We’ve all seen the movies, how in the “future” we will all have hoverboards (like the ones in Back To The Future 2) and flying cars. They also show that we won’t actually have to drive our cars either because they’ll be able to drive themselves as we kick back and relax.

While we still might be a long way from flying cars, we’re closer than you think with self-driving cars.  Some aspects of self-driving cars are already available on certain vehicles.  Options like lane assist, adaptive cruise-control, self-parking and rear proximity sensors.

Let’s take a look at some of the technology behind self-driving cars.

Self-driving cars use a combination of cameras, sensors, as well as special software.


One of the technologies that Google uses in their self-driving cars is called Lidar. It stands for light detection and ranging. It essentially creates a 3D map, so the car will be able to detect potential hazards by bouncing a laser beam off of surfaces near the car, so it can tell how far the car is from those objects. Think of it like a digitized measuring tape.

While the Lidar system is good for mapping out areas surrounding the car, it isn’t good at accurately determining the speed of other vehicles in real-time.

This is where the radar units, that are attached to the car’s bumpers, come into play. There are usually two radar sensors in each bumper.

These sensors can help the car avoid an impact with another vehicle or object. The sensors talk to the on-board computer by sending a signal to let it know when to apply the brakes before it collides with an oncoming car. It can also tell the car to steer out of the way of an object on the road to avoid an accident.

Some self-driving car technologies are using high-powered cameras in their setups. The cameras can see the car’s surroundings up to 30 metres away.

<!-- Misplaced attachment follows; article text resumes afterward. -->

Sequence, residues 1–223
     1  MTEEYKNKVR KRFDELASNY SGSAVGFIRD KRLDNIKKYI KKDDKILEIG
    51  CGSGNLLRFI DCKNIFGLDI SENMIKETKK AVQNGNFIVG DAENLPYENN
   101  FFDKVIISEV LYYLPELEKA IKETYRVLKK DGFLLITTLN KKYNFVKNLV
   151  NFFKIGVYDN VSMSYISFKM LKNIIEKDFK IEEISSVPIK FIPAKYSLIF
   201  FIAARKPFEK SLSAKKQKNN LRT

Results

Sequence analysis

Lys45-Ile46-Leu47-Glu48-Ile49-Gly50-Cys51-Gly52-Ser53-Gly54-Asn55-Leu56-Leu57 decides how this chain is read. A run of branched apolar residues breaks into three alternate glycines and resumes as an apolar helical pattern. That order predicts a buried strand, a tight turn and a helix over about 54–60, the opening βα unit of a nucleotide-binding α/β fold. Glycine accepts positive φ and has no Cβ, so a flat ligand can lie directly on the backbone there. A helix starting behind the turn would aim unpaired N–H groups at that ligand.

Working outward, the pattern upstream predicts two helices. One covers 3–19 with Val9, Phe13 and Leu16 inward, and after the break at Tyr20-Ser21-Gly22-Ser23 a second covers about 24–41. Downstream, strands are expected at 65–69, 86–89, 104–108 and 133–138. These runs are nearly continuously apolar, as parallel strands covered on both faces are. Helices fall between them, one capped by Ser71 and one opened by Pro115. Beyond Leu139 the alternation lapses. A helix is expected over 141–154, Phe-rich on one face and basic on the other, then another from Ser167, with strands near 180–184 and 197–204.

Another piece of technology that is used in self-driving cars is GPS (Global Positioning System). This is the same technology that is already in use for in-car navigation systems or on your smartphone. While a current GPS is accurate to within 4 metres, efforts are being made to improve GPS accuracy to within a centimetre, by making use of ground-based reference points in addition to satellite data.

All of the data from the Lidar, radars, sensors, cameras and GPS gets processed in real-time by sophisticated software, which runs on a powerful on-board computer. It is the computer that manipulates the car’s steering, acceleration and brakes.

So, where is General Motors when it comes to self-driving cars?

GM has announced that its Canadian Regional Engineering Centre in Oshawa will help play a leading role by building a fleet of self-driving 2017 Chevrolet Volts. The vehicles will be part of a bigger test program at the GM Technical Center in Warren, Michigan.

Employees at the Tech Center in Warren will be able to reserve one of the Volts using a car-sharing app, then select a destination. The self-driving car will be able to take them to their destination and then park itself.

To help improve upon the self-driving car technologies that GM has developed so far, GM announced in March 2016, that it was acquiring Cruise Automation, a San Francisco-based developer of autonomous vehicle technology.

So why the push for self-driving cars? The main reason is safety. Over 30,000 people a year die in car crashes in the U.S. and Canada. Approximately 1.25 million people die worldwide every year due to car accidents and an additional 20-50 million are injured or disabled.

“GM’s commitment to autonomous vehicles is inspiring, deliberate, and completely in line with our vision to make transportation safer and more accessible,” said Kyle Vogt, founder of Cruise Automation.

While there may be many people who will still prefer to drive their own cars, self driving cars are definitely in our future.  Are you ready?


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